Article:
(Reuters) – The White House will meet executives from leading tech firms, including Alphabet-owned Google, Apple Inc and Amazon.com Inc, on Thursday to discuss software security after the United States suffered several major cyberattacks last year.
In December, White House National Security Advisor Jake Sullivan sent a letter to chief executives of tech firms after the discovery of a security vulnerability in open-source software called Log4j that organizations around the world use to log data in their applications.
In the letter, Sullivan noted that such open source software is broadly used and maintained by volunteers and is a ” key national security concern.”
Thursday’s meeting, which will be hosted by deputy national security advisor for cyber & emerging technology, Anne Neuberger, will discuss concerns around the security of open-source software and how it can be improved, the White House said in a statement.
Other top tech companies in attendance at the meeting will include IBM, Microsoft Corp, Meta Platforms Inc which owns Facebook and Oracle Corp. Government agencies, including the Department of Homeland Security, Department of Defense and the Commerce Department, will also be in attendance.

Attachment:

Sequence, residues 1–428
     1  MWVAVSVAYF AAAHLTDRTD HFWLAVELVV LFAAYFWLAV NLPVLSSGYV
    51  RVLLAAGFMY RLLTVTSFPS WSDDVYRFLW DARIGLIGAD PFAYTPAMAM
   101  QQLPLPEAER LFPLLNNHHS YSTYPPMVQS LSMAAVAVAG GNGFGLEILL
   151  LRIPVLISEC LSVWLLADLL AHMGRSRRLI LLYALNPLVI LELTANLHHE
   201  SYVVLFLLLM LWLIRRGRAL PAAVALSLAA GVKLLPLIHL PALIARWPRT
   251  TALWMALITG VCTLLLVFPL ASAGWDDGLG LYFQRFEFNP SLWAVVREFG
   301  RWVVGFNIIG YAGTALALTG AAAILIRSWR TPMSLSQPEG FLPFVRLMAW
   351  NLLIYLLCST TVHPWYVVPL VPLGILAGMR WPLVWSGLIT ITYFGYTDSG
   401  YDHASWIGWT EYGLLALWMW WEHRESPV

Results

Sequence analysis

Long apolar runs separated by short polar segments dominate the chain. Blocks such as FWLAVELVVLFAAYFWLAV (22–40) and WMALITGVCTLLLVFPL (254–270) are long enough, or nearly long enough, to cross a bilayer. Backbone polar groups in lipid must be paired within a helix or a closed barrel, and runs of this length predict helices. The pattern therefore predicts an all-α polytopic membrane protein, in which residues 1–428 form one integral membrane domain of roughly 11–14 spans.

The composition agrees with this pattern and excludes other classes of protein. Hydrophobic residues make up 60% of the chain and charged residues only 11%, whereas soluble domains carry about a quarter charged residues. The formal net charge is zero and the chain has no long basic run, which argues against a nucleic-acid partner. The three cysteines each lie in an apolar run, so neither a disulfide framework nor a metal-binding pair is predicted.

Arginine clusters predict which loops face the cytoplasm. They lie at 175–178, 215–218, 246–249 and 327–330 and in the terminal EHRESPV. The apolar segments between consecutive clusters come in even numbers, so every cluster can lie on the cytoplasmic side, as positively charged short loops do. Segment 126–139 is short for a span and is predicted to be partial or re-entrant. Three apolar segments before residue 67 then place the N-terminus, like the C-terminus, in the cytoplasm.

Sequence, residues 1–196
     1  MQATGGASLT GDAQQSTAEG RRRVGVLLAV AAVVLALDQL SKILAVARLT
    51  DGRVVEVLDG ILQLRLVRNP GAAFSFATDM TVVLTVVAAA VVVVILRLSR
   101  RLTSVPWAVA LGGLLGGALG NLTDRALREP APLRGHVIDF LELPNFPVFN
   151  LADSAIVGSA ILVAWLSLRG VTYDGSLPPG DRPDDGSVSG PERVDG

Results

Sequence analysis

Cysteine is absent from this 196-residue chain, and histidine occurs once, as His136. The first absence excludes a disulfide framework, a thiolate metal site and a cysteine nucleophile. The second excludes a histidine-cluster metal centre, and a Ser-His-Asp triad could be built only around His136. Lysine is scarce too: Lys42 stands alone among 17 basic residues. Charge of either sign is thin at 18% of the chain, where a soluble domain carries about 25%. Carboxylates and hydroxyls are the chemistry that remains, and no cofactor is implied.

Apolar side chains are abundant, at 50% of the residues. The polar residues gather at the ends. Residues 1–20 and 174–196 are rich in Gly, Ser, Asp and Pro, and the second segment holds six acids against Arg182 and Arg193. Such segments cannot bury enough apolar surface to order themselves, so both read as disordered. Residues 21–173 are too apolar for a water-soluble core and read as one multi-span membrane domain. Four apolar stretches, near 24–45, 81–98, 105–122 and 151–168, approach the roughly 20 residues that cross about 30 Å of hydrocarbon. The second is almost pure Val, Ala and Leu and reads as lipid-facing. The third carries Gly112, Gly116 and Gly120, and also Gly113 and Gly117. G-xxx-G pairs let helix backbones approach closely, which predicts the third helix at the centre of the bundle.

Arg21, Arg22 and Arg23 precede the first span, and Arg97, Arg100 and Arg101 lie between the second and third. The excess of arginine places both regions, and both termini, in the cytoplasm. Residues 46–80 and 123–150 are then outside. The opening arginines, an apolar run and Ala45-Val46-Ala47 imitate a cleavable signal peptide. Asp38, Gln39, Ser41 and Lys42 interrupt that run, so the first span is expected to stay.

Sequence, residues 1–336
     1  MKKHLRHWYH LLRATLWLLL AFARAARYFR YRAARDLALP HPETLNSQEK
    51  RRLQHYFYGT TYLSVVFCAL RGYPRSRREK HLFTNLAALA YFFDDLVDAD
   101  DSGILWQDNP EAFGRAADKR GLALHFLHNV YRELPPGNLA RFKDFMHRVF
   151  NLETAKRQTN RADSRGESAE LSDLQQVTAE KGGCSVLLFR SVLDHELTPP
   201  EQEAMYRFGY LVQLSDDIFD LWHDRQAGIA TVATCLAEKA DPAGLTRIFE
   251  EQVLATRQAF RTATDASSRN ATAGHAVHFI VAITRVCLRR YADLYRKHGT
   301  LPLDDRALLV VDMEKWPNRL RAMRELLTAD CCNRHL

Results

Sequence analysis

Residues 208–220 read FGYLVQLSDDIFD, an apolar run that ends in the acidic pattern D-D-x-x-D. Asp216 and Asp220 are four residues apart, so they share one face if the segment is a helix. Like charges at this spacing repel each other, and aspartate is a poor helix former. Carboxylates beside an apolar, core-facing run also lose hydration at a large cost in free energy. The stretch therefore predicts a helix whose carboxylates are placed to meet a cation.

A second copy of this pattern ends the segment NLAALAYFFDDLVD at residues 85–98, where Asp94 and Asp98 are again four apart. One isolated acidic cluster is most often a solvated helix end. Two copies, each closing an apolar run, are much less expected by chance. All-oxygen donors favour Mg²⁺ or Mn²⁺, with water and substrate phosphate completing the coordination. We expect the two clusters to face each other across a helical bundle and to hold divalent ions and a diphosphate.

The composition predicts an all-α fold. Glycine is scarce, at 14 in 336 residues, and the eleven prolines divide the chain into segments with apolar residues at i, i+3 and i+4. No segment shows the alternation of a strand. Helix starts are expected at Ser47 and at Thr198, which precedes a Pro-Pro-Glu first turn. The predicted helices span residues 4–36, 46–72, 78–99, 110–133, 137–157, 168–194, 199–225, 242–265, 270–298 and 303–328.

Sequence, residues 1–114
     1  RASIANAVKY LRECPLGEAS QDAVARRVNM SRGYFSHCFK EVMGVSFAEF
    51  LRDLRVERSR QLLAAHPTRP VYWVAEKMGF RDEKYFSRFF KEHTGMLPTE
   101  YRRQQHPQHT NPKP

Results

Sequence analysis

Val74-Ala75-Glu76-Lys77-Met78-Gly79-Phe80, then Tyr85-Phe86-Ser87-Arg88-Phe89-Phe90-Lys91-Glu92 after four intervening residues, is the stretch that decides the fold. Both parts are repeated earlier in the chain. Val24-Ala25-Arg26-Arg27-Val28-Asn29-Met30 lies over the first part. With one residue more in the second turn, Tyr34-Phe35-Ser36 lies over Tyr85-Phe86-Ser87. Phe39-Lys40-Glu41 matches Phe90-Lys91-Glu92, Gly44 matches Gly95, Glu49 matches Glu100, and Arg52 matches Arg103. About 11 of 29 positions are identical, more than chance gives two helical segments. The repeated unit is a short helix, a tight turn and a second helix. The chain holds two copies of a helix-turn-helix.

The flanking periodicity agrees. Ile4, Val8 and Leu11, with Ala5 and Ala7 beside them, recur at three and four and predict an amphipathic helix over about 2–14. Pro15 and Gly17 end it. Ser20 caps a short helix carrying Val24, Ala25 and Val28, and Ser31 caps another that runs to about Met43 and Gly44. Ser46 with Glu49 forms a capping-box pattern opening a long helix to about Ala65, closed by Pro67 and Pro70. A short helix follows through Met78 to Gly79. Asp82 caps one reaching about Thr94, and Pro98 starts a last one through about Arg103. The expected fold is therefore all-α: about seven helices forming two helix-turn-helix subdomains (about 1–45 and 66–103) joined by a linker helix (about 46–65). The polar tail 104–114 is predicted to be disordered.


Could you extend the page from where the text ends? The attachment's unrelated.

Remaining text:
Cybersecurity has been a top priority for the Biden administration after several major cyberattacks last year, which exposed thousands of records held by companies and government agencies to hackers.
One hack, which the U.S. government has said was likely orchestrated by Russia, breached software made by SolarWinds and gave hackers access to thousands of companies and government offices that used its products. The hackers got access to emails at the U.S. Treasury, Justice and Commerce departments, and other agencies.
The growing frequency and impact of such attacks prompted the administration to issue an executive order last year that created a review board and new software standards for government agencies.
(Reporting by Nandita Bose in Mumbai; Editing by Aurora Ellis)
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